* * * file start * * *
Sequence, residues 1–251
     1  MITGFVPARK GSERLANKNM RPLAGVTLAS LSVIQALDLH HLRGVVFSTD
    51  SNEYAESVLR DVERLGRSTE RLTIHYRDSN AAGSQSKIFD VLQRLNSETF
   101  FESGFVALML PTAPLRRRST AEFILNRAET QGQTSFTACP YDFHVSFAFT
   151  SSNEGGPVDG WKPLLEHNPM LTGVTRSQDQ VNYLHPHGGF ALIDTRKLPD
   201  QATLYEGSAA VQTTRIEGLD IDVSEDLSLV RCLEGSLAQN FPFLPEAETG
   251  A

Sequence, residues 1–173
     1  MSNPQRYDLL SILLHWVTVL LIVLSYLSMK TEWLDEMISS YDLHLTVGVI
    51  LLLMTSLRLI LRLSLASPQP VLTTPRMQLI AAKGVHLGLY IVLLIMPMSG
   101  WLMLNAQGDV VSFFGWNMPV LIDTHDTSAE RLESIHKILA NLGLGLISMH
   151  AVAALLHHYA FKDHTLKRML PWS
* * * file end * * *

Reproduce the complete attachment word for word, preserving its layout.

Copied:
Sequence, residues 1–251
     1  MITGFVPARK GSERLANKNM RPLAGVTLAS LSVIQALDLH HLRGVVFSTD
    51  SNEYAESVLR DVERLGRSTE RLTIHYRDSN AAGSQSKIFD VLQRLNSETF
   101  FESGFVALML PTAPLRRRST AEFILNRAET QGQTSFTACP YDFHVSFAFT
   151  SSNEGGPVDG WKPLLEHNPM LTGVTRSQDQ VNYLHPHGGF ALIDTRKLPD
   201  QATLYEGSAA VQTTRIEGLD IDVSEDLSLV RCLEGSLAQN FPFLPEAETG
   251  A

Sequence, residues 1–173
     1  MSNPQRYDLL SILLHWVTVL LIVLSYLSMK TEWLDEMISS YDLHLTVGVI
    51  LLLMTSLRLI LRLSLASPQP VLTTPRMQLI AAKGVHLGLY IVLLIMPMSG
   101  WLMLNAQGDV VSFFGWNMPV LIDTHDTSAE RLESIHKILA NLGLGLISMH
   151  AVAALLHHYA FKDHTLKRML PWS